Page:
One Man's Hero

MPAA Rating: R

Entertainment: +1 1/2

Content: -1 1/2

During the Mexican-American War in the late 1840s, the United States Army was populated mostly by Irish-Catholics who crossed the Atlantic in search of a better life. When they arrived, they were told they could become citizens if they joined the Army, so many did just that. One Mans Hero tells the story of a group of these Irish-Catholics. After being repeatedly punished for going to Mass, a group of about twelve men decide they have had enough, so they desert. Sgt. John Riley (Tom Berenger) leads them into Mexico where they decide to take their chances dealing with the enemy. A guerilla leader named Cortina (Joaquim de Almeida), who is in the midst of his own fight with the Mexican government, captures the deserters and takes them to his mountain hideaway. But when the Mexican government comes in and takes over Cortina and his men, the Irish are bargained into fighting for the Mexican people for the duration of the war. This film is a rather dull attempt to tell a story about an important time in Mexican-American history. It never engages the audience, giving the movie a very impersonal and unemotional feel to it. While Tom Berenger may be a draw for a few, this movie will not bring in large audiences.

From the outset, the filmmakers lead the audience to sympathize with not only the Irish-Catholics but also the plight of the Mexican people. The movie also portrays the motive of the U.S. in this war as greed for possession of Mexican land. However, Preview cannot verify the accuracy of this portrayal. Many of the American officers show extreme prejudice to the Irish and the Mexicans. Being a war film, the movie also has its share of battle scenes, however all of them refrain from the graphic violence that so often shows up in battles. Many soldiers are shot, stabbed, or hit with cannonballs. The graphic scenes come later when the Army brutally whips a man. His back is shown twice after he has had 50 lashes, and it is a bloody mess. Also several men are hung for committing various crimes. Foul language is light with 3 regular profanities and 4 moderate crudities. But once again, another film falls victim to gratuitous violence and foul language.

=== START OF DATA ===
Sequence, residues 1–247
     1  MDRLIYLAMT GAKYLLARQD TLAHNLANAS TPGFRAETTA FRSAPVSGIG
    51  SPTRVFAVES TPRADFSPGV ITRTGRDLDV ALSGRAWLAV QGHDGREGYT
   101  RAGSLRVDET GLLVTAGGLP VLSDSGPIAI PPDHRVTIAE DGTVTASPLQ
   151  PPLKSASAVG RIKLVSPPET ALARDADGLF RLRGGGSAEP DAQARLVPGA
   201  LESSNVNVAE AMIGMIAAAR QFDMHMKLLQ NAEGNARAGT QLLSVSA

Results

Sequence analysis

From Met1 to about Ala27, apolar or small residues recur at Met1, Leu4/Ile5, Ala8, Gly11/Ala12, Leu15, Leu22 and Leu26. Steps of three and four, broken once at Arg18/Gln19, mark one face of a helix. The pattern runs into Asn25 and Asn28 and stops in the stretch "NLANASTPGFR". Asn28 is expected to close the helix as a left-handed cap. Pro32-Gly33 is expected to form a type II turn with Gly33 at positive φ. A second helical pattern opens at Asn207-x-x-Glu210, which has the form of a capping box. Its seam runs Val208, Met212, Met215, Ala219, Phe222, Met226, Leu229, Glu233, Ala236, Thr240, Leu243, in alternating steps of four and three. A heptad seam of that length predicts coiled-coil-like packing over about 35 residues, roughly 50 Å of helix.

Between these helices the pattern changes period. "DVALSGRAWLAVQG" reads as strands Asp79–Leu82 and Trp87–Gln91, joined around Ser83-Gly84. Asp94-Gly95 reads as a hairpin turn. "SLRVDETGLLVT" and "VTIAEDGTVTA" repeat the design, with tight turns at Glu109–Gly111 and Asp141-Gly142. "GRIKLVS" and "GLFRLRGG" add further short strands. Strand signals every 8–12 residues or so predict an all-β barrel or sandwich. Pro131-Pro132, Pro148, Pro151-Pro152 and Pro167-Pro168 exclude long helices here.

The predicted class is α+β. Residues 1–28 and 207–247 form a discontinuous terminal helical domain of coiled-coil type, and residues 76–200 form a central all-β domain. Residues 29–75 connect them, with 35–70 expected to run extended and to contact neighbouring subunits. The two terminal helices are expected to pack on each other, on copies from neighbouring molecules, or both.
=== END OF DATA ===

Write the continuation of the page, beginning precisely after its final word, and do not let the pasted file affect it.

Preview Reviewer: John Adair
Orion Pictures Corp., 1888 Century Park East, Los Angeles, CA 90067

The following categories contain objective listings of film content which contribute to the subjective numeric Content ratings posted to the left and on the Home page.

Crude Language: Several (6) times - Mild 2, Moderate 4

Obscene Language: None

Profanity: Few (3) times All Regular (J 2, C 1)

Violence: Many times - Mild and Moderate, Twice Graphic (people punched and kicked, battle scenes with fighting, shooting, and stabbings, man loses leg in battle, man set on fire, various explosions, man graphically whipped and branded)

Sex: None

Nudity: None

Sexual Dialogue/Gesture: None

Drugs: Few times (smoking, alcohol)

Other: Many of the characters are prejudiced either against the Irish-Catholics, the Mexican people, or both

Running Time: 120 minutes
Intended Audience: Adults

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